Young Katherine and her older friend Hester live at the isolated farm run by Hester and her father Francis. Katherine works as a maid and wants to leave that place because there's too much ... See full summary »
Her son dying of cancer and her marriage falling apart, Julie flees to Poland in search of a man who can heal using his hands. Julie finds not only a magical cure for her son, but also ... See full summary »
The true and tragic story of Operation Rimau, one of the most daring raids of WW2. In September 1944 Ivan Lyon and 22 Australian and British troops attempted to blow up Japanese ships in ... See full summary »
This series chronicles the events surrounding the activities of the Royal Flying Doctors Service, which operates its own aircraft -in this case from the base at Coopers Crossing, an ... See full summary »
During a camping trip to Ayers Rock in outback Australia, she claims that she witnessed a dingo taking her baby daughter Azaria from the family tent. Azaria's body is never found. Police ... See full summary »
Brilliant, forensic analysis of real life death in the desert
I saw this mini-series when it was first broadcast here in Australia, over a year ago, I think. So, I'm going on memory describing it now in late 2006.
Briefly, this mini-series is now what I would consider the definitive account of the infamous case of Lindy Chamberlain and the death of her daughter Azaria at Ayers Rock/Uluru. The first motion picture account of this story was the movie starring Merryl Streep (known as Evil Angels in Australia and A Cry In The Dark, I think, in the US).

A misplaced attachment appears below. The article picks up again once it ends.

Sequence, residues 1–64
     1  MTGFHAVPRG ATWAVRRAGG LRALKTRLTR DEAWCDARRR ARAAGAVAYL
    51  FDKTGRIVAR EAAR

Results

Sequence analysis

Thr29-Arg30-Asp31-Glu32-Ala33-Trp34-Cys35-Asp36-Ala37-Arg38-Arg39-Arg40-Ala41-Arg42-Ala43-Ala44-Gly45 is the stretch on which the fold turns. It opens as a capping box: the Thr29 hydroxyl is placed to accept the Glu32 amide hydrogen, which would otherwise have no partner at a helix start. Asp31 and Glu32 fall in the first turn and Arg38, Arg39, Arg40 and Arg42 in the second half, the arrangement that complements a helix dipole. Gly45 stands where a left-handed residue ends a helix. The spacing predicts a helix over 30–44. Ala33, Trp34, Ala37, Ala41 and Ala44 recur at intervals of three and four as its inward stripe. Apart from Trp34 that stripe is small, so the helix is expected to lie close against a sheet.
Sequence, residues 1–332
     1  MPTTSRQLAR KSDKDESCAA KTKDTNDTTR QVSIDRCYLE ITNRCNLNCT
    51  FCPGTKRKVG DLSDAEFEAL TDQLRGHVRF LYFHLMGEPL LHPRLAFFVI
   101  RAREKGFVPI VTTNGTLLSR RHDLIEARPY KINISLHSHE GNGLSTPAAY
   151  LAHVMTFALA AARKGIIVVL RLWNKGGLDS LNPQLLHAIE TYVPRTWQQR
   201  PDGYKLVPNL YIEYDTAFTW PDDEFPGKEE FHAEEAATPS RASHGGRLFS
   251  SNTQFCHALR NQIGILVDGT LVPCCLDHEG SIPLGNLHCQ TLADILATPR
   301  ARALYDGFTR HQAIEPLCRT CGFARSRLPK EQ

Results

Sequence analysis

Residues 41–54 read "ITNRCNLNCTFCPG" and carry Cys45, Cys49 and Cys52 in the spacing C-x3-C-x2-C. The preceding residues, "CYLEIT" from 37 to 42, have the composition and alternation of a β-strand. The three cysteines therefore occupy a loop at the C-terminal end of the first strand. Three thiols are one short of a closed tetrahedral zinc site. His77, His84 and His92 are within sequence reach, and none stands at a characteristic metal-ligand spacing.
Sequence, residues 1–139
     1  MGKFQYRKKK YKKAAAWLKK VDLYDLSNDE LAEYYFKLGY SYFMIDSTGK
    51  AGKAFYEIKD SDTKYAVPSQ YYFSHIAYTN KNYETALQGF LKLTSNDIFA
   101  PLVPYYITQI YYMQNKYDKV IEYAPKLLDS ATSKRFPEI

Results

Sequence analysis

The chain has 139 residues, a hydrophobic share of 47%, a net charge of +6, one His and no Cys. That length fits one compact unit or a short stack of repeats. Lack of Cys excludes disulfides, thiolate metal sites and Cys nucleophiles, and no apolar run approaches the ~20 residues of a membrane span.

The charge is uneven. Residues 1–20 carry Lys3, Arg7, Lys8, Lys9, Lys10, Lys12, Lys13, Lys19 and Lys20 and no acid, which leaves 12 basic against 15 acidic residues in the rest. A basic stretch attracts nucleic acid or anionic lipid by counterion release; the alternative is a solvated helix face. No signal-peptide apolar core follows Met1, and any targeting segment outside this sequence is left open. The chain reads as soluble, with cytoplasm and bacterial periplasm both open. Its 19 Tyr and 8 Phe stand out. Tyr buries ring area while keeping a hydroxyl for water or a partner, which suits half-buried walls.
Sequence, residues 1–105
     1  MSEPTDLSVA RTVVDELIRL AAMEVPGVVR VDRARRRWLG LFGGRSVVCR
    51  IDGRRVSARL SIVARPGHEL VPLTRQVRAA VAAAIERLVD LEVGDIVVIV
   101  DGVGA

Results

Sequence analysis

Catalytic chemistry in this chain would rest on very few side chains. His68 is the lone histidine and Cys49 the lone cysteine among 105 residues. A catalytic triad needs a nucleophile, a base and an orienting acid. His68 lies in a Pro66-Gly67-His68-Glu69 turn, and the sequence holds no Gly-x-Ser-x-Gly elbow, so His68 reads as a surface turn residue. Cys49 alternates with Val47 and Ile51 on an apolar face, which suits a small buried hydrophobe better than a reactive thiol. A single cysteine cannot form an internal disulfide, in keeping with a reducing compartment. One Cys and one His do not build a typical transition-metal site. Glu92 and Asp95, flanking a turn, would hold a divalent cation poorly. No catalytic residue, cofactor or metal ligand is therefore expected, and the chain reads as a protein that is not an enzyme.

This mini-series has a necessary pre-amble to the story, but is overly long in my opinion, in ramming home the context in which baby Azaria first disappeared at Uluru and was later presumed murdered by her mother, Lindy Chamberlain (a charge later prosecuted by the authorities).
Now, the brilliance of this mini-series lies in the forensic detail of the machinations of the police investigation of this presumed murder and the evidence given in trial to convict Lindy.
If you like law and order type shows, cop shows with forensic science provided, you should find much to enjoy in this mini-series. It's my understanding that the Lindy Chamberlain case was very influential in establishing forensic science practice here in Australia, and perhaps overseas as well. By watching this mini-series, you can feel a part of this journey of understanding of the rights and wrongs of the case and the methods used to try Lindy Chamberlain.
This is outstanding television, based on court transcripts and the personal account of Lindy Chamberlain. If you've heard about "witch hunts" of previous centuries, this is the modern day equivalent.
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